An adorable young puppy is caught in mid-movement looking up at the viewer, momentarily distracted from its discovery of a grasshopper in a garden. From the text that accompanied the publication of this print, we learn that the title Kou Hsiung (which translates as “dog-bear”) is the name of the artist’s Pekingese puppy. She states that the image was made “simply to arrest time and to hold in suspension and memory a moment of puppyhood.” Despite this declaration that the image is intended to be straightforward, with no hidden meaning, another perspective is provided in Lathrop’s words from a 1938 speech regarding artists’ ability to see interconnections in nature, on a deep level:
No one, I think, is more convinced of the unity of all life than the artist, who sits before its different phases so long and silently, seeing them in a great intimacy. He not only beholds the flower, but he feels the life that, even while he draws, unfolds the petals, senses the force that pushes new leaves from the ground. He traces a network of veins in leaf and flower akin to the veining which shows under his own skin. He knows that under the microscope it is hard to tell which veins are plant and which animal, and whether that is sap or blood flowing so steadily through those channels. In that deep silence in which drawings are made, he so projects himself into the personality of any living model before him, that he becomes strangely identified with it. He not only feels himself a brother to this creature whose atoms are held together by the same mysterious force or vibration, not only feels the same life surging through them both, but, such is his intensity of interest, he becomes that creature. Or, as the eastern philosophers put it, he “sees all creatures in himself, himself in all creatures.”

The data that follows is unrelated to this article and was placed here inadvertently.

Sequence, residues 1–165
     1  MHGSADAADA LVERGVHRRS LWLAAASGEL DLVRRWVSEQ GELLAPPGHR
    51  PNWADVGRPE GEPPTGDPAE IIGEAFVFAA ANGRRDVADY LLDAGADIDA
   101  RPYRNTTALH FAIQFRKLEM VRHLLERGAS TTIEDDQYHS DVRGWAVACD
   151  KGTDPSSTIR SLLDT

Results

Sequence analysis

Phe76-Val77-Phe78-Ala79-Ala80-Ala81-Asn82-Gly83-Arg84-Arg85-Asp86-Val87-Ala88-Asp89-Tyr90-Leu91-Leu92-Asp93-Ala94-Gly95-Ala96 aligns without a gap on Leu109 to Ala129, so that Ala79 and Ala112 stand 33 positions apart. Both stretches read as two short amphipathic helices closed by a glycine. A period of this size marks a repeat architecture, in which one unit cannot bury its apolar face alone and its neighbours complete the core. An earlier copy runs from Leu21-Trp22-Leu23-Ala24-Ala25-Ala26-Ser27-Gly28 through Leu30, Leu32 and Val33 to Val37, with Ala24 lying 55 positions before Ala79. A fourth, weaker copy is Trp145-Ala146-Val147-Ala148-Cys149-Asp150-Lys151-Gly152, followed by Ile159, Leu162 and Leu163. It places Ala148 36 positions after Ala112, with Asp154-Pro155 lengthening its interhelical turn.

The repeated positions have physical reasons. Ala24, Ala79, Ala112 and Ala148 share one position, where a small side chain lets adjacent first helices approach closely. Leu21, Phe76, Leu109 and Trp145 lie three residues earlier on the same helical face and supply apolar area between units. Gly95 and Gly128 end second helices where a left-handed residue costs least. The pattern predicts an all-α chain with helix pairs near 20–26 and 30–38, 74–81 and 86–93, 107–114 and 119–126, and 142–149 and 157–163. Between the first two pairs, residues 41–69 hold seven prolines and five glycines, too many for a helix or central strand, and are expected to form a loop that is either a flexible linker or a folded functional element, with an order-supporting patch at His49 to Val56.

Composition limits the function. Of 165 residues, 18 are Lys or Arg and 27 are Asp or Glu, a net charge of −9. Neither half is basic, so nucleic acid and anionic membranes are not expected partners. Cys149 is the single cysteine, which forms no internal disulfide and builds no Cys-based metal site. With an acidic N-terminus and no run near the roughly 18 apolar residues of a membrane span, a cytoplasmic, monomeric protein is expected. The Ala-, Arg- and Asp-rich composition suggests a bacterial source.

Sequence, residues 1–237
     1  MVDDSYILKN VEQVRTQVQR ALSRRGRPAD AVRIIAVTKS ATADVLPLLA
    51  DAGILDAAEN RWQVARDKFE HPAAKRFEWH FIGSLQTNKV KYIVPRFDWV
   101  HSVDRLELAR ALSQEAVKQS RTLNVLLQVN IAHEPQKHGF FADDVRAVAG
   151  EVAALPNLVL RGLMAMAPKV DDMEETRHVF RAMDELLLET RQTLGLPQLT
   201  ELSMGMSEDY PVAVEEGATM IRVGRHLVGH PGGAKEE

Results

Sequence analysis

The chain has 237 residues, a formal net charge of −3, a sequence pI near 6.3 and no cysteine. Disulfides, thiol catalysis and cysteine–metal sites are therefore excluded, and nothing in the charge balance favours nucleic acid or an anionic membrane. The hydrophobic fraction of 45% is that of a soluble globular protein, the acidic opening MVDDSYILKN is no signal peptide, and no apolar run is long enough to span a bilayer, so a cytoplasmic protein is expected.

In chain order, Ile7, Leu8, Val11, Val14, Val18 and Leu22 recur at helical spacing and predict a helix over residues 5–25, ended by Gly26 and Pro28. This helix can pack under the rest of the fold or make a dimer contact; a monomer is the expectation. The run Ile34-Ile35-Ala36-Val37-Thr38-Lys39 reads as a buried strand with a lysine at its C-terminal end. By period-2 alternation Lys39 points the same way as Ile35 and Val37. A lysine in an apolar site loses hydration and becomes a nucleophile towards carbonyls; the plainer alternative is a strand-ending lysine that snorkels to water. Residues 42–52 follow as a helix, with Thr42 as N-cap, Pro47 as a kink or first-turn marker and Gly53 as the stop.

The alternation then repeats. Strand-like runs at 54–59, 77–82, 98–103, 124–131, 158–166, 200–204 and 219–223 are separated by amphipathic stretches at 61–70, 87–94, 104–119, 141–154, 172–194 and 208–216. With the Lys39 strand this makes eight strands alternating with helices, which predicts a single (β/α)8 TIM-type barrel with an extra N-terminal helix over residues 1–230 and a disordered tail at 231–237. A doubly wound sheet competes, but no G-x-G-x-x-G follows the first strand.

—quoted in Caldecott Medal Books: 1938-1957, Horn Book, Inc., 1957
After reading the artist’s own words about her experience connecting to plant and animal life at an atomic or vibrational level, does that change how you see Kou Hsiung?
Dorothy Lathrop (1891–1980) was a printmaker, woodblock carver, and illustrator who specialized in animal subjects. She studied at Columbia University, the Pennsylvania Academy of Fine Arts, and the Art Students League of New York. She authored and illustrated many children’s books, including The Little White Goat, The Snail Who Ran, and Who Goes There? In 1938 she received the first Caldecott Medal ever awarded, for Animals of the Bible. In 1949 she was elected an associate member of the National Academy of Design.
~ Contributed by Associate Curator Cindy M. Buckner